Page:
Trifunovic says higher cash flows have also resulted from a consolidation in the superannuation industry with funds merging together to create mega-institutions. ôSome funds have assets under management in excess of A$20 billion and can have fresh net cash flows well in excess of A$100 million a month,ö he says. ôIn the past, when super funds were much smaller, they would let their balances build up before they passed it on to their external managers, but with such large cash flows now, it has become a challenge to invest the money efficiently and in a timely manner.ö
To deal with the issue, some funds have hired internal cash flow managers. Others are employing cash-to-securities products that automate the investment process.
Looking ahead, the problem of excess liquidity isnÆt about to ebb. According to recent research by Watson Wyatt, Australia has had one of the highest growth rates in pension assets in the developed world, mainly due to the compulsory contribution scheme. The super pool has grown by nearly 15% every year for the last 10 years, even though the compulsory contribution is only 9% for most workers (the level is 15% for commonwealth employees). ôAustralian superannuation funds have nearly quadrupled over the past 10 years and now total about A$1 trillion,ö says Miller, quoting from the research. ôThese assets are now equivalent to approximately 100% of the value of AustraliaÆs annual GDP compared to just 46% back in 1996.ö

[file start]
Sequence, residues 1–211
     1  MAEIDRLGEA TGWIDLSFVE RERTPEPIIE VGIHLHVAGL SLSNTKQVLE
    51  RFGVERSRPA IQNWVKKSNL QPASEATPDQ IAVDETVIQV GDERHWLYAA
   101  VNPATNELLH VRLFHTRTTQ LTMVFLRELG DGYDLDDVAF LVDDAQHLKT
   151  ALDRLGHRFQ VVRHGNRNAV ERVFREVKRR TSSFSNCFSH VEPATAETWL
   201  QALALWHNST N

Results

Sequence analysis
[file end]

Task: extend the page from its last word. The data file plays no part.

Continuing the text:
An expectation of higher wages in the coming years will see contributions increase at a greater rate. Growth will also come from new tax incentives introduced by the Howard government that encourage workers to lock away more of their savings. One of these incentives is the one-off tax break on lump sum injections, which expires on June 30. Then from July this year retirees will be encouraged to remain invested longer in their funds when the age limit on contributions and mandatory redemptions from super is increased.
ôAll these things will create an unprecedented level of demand for equities in 2007,ö says Kucukalic at Credit Suisse. ôSo I wouldnÆt be surprised if P/E multiples continue to expand making Australian stocks even more expensive relative to other markets.ö